Reputation: Judas was already known to be a thief. Why do people steal? Because they want to be something they are not, such as influential, richer or comfortable. Because Judas was chosen to be inside the circle of friends of Jesus, he may have wanted the leaders of religious society to recognize his advantageous position, and told them, whoever I “kiss”, He is the One. Consider this possibility, what if Judas believed that Jesus would use God’s power to overcome his captors? This would make Judas look more than knowledgeable. But Jesus would know Judas even better than Judas wanted to be known.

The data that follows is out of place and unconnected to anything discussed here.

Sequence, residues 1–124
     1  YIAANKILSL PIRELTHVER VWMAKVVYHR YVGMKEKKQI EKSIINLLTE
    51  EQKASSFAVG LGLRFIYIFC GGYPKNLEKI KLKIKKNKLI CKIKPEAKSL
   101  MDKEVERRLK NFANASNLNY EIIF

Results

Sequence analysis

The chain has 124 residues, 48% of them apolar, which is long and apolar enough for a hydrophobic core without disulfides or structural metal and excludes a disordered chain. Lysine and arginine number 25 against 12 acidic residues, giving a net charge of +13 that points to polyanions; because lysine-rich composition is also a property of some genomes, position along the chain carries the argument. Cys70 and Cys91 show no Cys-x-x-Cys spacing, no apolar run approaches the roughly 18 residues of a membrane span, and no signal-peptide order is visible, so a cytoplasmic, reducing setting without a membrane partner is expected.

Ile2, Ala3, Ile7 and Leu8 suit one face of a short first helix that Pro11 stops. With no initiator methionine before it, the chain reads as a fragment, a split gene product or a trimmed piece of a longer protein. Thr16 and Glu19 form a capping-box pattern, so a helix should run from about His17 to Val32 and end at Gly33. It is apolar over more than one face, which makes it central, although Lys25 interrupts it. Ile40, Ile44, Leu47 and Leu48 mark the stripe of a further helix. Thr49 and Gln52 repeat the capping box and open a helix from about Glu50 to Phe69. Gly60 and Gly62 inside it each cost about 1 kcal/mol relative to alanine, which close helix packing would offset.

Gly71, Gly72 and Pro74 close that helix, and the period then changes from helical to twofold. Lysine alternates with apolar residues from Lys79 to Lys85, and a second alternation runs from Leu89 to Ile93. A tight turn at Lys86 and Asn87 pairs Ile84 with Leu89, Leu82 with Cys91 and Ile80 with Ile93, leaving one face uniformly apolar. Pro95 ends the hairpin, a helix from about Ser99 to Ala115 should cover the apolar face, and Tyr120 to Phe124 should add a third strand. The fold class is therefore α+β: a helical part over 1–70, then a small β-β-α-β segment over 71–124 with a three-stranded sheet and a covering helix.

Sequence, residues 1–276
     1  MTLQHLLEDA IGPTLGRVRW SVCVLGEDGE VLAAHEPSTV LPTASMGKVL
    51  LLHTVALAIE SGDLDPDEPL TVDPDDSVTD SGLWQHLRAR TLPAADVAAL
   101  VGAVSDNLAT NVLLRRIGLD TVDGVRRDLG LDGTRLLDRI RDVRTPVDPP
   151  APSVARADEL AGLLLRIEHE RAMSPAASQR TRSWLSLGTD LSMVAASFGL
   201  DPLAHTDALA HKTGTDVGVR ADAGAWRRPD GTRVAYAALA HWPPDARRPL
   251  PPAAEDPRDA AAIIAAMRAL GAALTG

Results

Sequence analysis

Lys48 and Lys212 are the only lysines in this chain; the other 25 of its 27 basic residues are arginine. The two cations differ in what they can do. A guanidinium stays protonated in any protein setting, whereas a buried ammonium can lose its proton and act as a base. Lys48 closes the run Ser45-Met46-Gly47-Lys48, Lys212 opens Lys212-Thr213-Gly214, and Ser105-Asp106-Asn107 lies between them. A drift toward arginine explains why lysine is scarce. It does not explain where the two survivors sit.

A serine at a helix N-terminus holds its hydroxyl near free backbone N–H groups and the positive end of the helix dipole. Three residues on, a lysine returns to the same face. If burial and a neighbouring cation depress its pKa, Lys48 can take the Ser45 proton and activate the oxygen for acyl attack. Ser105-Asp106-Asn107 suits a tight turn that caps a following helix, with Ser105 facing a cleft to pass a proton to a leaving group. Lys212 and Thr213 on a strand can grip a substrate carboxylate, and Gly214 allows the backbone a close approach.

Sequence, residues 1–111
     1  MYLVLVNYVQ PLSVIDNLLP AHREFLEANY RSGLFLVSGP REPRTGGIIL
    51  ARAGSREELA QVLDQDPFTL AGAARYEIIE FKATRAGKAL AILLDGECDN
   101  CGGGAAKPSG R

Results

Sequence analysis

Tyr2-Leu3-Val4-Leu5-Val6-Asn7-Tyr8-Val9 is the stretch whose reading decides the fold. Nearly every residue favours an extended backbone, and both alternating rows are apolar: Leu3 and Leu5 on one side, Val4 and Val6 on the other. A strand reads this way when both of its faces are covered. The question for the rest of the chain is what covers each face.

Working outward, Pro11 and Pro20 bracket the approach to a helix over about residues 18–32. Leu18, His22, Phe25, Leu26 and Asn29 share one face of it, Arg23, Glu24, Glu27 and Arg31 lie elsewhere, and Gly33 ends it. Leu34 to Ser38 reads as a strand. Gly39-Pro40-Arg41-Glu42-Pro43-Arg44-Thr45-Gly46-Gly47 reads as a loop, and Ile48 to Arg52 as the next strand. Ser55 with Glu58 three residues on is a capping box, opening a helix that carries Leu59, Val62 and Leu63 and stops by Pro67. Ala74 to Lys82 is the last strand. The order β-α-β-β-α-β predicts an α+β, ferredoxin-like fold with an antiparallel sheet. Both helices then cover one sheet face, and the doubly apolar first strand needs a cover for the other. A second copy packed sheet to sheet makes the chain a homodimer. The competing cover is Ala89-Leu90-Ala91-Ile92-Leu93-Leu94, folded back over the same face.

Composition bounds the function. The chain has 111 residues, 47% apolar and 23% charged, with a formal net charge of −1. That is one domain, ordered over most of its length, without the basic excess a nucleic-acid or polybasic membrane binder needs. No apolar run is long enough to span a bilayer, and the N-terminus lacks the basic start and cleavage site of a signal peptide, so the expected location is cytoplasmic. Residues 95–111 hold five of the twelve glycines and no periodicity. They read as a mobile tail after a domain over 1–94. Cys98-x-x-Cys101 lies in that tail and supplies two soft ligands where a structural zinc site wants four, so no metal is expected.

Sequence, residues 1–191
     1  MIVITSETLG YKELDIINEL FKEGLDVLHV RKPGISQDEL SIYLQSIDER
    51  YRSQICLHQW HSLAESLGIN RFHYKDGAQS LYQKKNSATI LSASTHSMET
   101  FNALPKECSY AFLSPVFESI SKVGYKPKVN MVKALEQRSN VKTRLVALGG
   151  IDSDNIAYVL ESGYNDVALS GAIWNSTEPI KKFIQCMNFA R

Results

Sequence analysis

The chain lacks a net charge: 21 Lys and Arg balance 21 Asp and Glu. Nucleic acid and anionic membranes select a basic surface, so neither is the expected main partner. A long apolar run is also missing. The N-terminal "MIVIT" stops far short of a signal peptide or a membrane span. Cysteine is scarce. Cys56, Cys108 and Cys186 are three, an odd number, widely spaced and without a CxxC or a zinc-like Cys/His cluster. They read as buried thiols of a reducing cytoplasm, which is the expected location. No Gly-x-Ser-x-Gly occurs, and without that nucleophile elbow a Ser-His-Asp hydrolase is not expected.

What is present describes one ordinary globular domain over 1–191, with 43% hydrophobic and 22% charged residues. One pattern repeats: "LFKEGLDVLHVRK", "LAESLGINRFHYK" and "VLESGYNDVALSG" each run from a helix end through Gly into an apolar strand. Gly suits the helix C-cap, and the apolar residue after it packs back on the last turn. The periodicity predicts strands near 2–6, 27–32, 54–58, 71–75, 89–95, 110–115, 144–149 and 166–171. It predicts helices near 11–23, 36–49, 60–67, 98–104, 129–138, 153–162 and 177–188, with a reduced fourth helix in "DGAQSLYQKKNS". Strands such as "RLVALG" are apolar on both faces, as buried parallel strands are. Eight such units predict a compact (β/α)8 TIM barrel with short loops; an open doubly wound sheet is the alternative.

Money: 30 pieces of silver from the Priests would be shekels of the sanctuary, this would be equivalent to 120 denarius, which was the average of about three months wages. Today that would be appx. $12,000. Judas agreed to identify when and where Jesus was for the captivity in stealth. This would at first excite Judas enough to go through with what he thought was questionable. But afterwards of course, he realizes he betrayed an innocent ‘friend’(Mt. 27:4), and offers the money back, committing suicide. Jesus must have felt cheated and cheap, to know that Judas would just throw everything away, for what he had done. The idea of money was in Judas’ mind, but the exact amount was offered by the chief priests. What is amazing is that 30 pieces of silver is equivalent to the price of a slave, which is exactly what Jesus was to become, enslaved to the burden & consequence of sin, being prophesied of in Zec. 11:12-13, Ex. 21:32.  He certainly took on the form of a slave, Php. 2:7-8. So should we!